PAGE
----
Recording a Quick Memo
Simplified Guide to Automated Recording
Exporting a Recording
Viewing/Playing Exported Recordings
Where Exported Recordings are Stored
Deleting a Recording
The Simplified UI
Simplified UI versus Advanced UI
The Options Menu
The Spectral Display
What's a "dB"?
Setting the Triggers
Recording Phone Conversations
Select Record mode. Press the Start button. Speak. You may pause and continue recording at any point. When done press Stop.
Now select Play mode. Press Start, and you will hear your recording. You may pause and continue playback at any point.
That's all there is to making a quick voice memo. You may close the app, and when you return your recording will always be there for you until your record something else. Just select Play mode and Start to hear your recording again.
It is very simple to set up Autocord to trigger recording automatically...
Select Monitor Mode and tap Start.
You will see the spectrum of whatever sounds there are at the moment displayed. If you speak you will see the display react. Just take that as an indication that everything is working.
Now tap the little gear icon and the Settings dialog will be displayed. On the upper right of this dialog you will see the icon to Auto Set triggering.
In a quiet moment, tap that icon. It will automatically adjust sensitivity to just above the current noise level. After a second or two, tap it again to stop it. That automatically sets the trigger.
If some unexpected noise occurred during the Auto Set operation, the horizontal line representing sensitivity may jump way up, reducing the sensitivity unnecessarily. Just stop Auto Set and when it is quiet again, restart it.
The horizontal line will settle itself just above the peak noise level, meaning that if a sound occurs above the noise level, it will trigger recording on - as long as that sound falls within the default, general purpose frequency range that gets set as well.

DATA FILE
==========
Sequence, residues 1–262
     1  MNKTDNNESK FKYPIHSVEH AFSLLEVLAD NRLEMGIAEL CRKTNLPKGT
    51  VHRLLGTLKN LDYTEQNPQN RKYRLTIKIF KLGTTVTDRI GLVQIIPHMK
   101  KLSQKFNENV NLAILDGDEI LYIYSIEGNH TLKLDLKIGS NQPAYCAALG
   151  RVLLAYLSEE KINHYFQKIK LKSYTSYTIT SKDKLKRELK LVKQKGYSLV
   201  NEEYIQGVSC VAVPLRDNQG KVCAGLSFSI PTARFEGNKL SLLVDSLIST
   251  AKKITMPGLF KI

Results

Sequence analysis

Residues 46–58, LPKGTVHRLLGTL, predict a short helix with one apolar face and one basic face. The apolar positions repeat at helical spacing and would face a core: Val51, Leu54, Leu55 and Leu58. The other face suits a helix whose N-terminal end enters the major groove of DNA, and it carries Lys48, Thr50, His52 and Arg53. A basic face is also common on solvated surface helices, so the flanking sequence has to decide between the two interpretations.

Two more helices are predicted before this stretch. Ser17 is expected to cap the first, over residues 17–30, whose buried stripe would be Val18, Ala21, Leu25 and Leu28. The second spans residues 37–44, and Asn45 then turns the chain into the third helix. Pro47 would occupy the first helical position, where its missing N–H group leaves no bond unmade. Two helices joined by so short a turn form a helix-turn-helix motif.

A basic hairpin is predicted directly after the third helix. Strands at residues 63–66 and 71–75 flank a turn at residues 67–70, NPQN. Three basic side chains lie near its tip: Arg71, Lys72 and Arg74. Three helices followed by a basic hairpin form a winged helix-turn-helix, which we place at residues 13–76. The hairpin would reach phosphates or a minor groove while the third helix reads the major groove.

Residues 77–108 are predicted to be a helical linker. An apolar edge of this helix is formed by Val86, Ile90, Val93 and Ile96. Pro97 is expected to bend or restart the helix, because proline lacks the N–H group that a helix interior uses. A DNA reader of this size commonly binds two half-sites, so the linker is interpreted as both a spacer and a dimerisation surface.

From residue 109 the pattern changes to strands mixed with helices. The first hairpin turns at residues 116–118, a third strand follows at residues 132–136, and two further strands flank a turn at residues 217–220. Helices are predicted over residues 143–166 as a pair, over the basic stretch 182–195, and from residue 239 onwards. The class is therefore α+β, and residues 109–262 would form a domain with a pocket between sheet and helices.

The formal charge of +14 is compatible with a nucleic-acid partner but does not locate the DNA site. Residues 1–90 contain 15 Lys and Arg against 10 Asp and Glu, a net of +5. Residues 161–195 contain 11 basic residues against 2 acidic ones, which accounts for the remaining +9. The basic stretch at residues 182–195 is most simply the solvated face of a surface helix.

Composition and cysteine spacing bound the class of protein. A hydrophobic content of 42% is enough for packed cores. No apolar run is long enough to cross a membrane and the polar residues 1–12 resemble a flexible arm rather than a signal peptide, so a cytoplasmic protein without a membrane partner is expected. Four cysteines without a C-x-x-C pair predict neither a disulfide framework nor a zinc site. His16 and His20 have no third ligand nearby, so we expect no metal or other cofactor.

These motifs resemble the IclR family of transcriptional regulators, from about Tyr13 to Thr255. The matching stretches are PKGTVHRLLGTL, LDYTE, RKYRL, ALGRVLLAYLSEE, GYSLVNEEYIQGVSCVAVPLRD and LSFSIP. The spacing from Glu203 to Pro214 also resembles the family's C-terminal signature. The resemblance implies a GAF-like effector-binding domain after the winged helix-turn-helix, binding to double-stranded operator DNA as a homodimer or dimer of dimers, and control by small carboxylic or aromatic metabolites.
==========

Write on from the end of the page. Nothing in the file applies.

Now dismiss the Settings dialog and start recording. When you speak, the word "Recording" will display in red.
When you stop speaking, the word "Recording" will no longer be red. That's it. You now have automated recording.
If you want to preserve your recording, press the File icon while in RECORD or MONITOR mode. A little dialog will pop up and if you click "Ok" the recording will be saved in compressed format, with the name based on the date/time it was recorded in the format...
yyyymmddhhmmss (year, month, day, hour, minute, second)
For example, a file recorded on June 1st, 2021 at 11:33:21 am will have the name 20210601113321. You will find it in the folder Autocord.
To list and play exported audio files, press the File icon while in PLAY mode.
A dialog will appear with the file names translated into a friendly date/time format, for example 20210601113321.m4a will be listed as "Jun. 01/21, 11:33:21". The duration in the form hh:mm:ss will appear beside it.
Simply select the desired file from the list in the dialog and press the play button. You will be able to seek to any position in the audio file with the track bar, or pause and play again at any point. The exact time each sound was recorded will display above the track bar. If you are using the Advanced UI, the peak frequency and decibel level of that peak will also be displayed moment to moment.